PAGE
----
Hoof Nutrition Intelligence Hoof Nutrition Intelligence is a twice-a-month web segment that is designed to add to the education of footcare professionals when it comes to effectively feeding the hoof. The goal of this web-exclusive feature is to zero in on specific areas of hoof nutrition and avoid broad-based articles that simply look at the overall equine feeding situation.

Below you will find Part 2 of the latest question and answer installment that you can share with your footcare clients.

Q: Could nutrition be part of the concerns I’m having with my foot-sore horse?

By Laura Petroski-Rose, B.V.M.S.

Most horse owners have heard the phrase “tender-footed,” meaning foot soreness. But the big question is what causes the problem and what can be done to avoid it?

Foot soreness is characterized by sensitivity when pressure is applied to the foot. Horses with foot soreness can appear to be more painful when walking on hard surfaces, like asphalt or packed clay, than when walking on more forgiving terrain, such as grass or arena footing.

Foot soreness differs from an abscess, which is a compromise in the hoof structure due to bacterial infiltration. With an abscess, as with any infection, the body builds an immune response to the bacteria, resulting in the formation of pus. Because the pus can’t escape, pressure from this fluid-filled space causes pain and results in lameness. But with foot soreness, there is no bacterial component.

The causes of soreness can be divided into several broad categories including nutrition, environmental, farriery and genetics.

Nutrition. Horses should consume a well-balanced diet, which focuses not only on energy, but also fulfills the daily requirements for protein, vitamins and minerals. For many horses with poor-quality hooves, biotin supplementation provides the nutritional support necessary to support hoof growth, including the development of a strong hoof wall.

Research focusing on biotin supplementation has revealed that feeding 20 mg of biotin daily produces optimal results for horses that respond to it. Giving more than 20 mg per day has yielded no additional benefits. 

Environment. Weather-related changes, especially periods of rain followed by periods of drought or vice versa, frequently bring about foot problems. Wet-to-dry cycles not only affect the texture of the ground but can also make hooves too brittle or soft, causing them to be more easily damaged.

Continuous stomping to shoo away insects can be traumatic to hooves and can cause internal damage, not to mention increased wear and an increased incidence of hoof cracks.

Farriery. Improper trimming and shoeing can be the source of foot pain. Shoes are used to compensate for conformational issues, to protect the hoof from wear and tear, and to enhance soundness and performance. Farriers should identify a propensity for thin soles so that pads can be used to provide sole support and protection from environmental factors or trauma.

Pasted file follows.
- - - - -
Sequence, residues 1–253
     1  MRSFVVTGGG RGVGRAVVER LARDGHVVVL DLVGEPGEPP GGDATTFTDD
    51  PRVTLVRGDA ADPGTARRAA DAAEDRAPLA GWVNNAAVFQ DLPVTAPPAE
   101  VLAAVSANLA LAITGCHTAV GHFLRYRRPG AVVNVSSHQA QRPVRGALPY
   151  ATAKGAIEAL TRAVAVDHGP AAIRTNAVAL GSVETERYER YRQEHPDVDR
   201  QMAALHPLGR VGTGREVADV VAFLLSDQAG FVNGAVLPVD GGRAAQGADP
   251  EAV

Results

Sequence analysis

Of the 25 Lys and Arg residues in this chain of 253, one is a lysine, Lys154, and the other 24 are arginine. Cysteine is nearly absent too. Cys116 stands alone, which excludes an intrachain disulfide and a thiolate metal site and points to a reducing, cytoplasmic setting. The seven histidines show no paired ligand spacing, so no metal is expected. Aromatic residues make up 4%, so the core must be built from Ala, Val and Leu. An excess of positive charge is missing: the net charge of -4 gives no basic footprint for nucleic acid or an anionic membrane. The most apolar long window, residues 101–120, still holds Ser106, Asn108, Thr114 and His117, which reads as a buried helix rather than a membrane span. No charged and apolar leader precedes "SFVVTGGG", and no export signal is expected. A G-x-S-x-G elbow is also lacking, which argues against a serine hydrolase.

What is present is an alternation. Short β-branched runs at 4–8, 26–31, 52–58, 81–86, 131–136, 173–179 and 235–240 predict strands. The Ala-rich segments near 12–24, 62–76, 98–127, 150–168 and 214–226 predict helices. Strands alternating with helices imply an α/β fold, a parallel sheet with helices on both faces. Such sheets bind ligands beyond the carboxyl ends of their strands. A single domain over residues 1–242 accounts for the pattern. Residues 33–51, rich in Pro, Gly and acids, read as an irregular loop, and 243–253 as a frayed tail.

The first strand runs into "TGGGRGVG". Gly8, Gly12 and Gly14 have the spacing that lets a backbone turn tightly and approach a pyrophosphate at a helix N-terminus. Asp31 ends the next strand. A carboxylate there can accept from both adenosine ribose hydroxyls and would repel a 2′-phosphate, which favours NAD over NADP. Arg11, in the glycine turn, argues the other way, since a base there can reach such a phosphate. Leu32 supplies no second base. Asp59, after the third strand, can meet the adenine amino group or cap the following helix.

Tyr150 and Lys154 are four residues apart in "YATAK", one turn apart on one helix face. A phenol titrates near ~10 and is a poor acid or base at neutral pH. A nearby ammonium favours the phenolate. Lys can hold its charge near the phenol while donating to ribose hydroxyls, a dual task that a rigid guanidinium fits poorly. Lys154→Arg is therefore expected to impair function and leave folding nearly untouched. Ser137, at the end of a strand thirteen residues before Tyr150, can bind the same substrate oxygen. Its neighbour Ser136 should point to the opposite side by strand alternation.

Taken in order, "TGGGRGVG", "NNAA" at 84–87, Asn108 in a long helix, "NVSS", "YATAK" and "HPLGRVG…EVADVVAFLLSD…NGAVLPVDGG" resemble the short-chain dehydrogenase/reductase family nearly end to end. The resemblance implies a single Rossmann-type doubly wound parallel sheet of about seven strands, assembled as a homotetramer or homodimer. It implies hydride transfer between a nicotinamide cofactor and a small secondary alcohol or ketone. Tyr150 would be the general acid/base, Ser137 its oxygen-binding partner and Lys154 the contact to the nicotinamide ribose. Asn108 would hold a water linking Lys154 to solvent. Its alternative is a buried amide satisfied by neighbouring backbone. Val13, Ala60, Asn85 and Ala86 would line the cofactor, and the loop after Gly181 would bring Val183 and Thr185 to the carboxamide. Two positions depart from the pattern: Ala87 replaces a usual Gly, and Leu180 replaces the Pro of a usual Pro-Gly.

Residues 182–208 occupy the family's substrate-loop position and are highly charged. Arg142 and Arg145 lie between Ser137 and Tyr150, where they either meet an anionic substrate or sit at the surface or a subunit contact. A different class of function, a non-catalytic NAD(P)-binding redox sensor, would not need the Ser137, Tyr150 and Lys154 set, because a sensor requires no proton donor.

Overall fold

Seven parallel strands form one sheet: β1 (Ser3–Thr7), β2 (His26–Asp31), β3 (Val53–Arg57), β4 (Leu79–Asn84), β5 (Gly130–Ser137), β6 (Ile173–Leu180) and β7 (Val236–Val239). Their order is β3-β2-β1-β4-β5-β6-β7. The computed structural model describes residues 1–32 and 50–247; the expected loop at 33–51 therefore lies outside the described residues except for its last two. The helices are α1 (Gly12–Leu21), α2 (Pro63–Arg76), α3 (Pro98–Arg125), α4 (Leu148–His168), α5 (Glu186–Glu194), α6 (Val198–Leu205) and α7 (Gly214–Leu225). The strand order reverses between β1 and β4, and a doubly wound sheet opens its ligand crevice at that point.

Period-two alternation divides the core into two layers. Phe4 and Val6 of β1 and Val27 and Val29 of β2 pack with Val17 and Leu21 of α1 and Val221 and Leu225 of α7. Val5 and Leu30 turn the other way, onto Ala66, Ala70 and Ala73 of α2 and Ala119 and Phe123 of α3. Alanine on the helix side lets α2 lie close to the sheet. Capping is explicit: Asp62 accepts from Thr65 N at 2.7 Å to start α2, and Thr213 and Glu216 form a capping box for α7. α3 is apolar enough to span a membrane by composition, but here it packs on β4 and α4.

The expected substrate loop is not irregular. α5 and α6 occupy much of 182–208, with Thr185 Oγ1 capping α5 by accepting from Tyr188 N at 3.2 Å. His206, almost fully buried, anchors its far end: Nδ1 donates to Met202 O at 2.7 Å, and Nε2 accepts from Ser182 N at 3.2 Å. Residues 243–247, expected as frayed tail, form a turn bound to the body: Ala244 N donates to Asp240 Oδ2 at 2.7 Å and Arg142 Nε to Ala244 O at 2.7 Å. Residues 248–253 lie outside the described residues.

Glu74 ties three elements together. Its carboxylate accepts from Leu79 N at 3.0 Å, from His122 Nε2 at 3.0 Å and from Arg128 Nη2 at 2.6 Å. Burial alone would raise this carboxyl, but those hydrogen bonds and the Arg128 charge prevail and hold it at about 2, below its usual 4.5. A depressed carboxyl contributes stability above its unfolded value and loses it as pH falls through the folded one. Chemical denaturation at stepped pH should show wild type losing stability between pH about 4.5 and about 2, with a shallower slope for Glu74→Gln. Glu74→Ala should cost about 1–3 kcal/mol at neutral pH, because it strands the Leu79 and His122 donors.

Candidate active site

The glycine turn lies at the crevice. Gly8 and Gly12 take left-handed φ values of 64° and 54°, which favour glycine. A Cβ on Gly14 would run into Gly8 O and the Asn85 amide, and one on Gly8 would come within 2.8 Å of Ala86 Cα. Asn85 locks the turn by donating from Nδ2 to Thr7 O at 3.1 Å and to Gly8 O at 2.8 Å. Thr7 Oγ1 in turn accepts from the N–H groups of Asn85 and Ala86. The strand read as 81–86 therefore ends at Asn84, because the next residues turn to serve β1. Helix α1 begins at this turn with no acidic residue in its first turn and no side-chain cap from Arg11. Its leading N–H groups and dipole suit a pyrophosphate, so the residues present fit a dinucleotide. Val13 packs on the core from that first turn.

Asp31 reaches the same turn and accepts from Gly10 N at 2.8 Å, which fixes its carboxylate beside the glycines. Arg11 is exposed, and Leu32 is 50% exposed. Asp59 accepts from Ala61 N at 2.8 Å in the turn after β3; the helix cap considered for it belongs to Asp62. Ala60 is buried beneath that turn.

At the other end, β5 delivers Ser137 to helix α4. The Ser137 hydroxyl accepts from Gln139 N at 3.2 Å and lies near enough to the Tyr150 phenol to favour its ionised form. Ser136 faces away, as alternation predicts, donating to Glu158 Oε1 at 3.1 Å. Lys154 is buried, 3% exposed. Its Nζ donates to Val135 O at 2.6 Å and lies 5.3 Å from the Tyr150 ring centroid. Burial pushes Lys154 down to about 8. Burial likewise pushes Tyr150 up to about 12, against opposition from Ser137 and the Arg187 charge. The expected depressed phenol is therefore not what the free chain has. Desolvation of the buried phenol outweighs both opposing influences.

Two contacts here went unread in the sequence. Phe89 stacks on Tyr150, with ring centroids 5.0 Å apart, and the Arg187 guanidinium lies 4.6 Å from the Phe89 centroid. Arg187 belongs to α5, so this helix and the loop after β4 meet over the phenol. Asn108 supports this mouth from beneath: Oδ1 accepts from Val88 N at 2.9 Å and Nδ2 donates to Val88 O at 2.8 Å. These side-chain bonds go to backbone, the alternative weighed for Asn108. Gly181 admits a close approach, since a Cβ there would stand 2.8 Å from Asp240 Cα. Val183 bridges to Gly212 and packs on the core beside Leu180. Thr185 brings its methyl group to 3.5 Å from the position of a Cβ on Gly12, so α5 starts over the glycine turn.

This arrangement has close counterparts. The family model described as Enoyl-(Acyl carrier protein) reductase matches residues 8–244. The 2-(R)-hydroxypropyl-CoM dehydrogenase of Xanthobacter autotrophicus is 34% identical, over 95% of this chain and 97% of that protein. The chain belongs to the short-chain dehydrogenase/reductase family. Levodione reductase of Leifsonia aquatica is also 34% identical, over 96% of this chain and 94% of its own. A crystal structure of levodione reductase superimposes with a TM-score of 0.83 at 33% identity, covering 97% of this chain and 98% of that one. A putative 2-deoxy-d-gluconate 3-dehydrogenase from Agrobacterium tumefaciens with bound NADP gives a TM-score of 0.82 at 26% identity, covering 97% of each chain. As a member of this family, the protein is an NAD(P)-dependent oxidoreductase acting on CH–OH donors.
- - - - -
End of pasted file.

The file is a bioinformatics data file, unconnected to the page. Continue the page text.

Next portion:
Although poor farrier work could contribute to lameness, the lack of appropriate hoof care is also a cause of lameness. Conformational issues, such as an unbalanced hoof, may develop from a lack of proper or timely trimming and might lead to unsoundness. A long toe can result in a low heel, which predisposes that heel and toe, and other soft tissue structures, to damage.

Genetics. Some horses are naturally born with poor conformation and may be predisposed to developing certain issues like soft or thin soles. Horses with flat feet tend to damage their soles more readily, since the soles have more contact with the ground surface. Horses with long pasterns tend to develop long toes and low heels.

Laura Petroski-Rose is a veterinarian with Kentucky Equine Research in Versailles, Ky.

Hoof Nutrition Intelligence is brought to you by W.F. Young Co. (Absorbine). Absorbine

Like many significant achievements, Absorbine® grew out of humble beginnings—and through the tenacity of someone willing to question the status quo. In this case, it was a young woman in late 19th-century Massachusetts: Mary Ida Young. Her husband, Wilbur Fenelon Young, was an enterprising piano deliveryman who relied on the couple’s team of horses to make deliveries throughout the Northeast. Inspired by Mary Ida and Wilbur’s vision, Absorbine® has continued to add innovative products throughout the years — products used every day by horse owners around the world. Which is why, since 1892, we’ve been The Horse World’s Most Trusted Name®.

Click here to read Part 1 of the Jan. 15, 2019 installment: What do farriers see as the most important feeding challenges among horse owners?

Click here to read more installments of Hoof Nutrition Intelligence.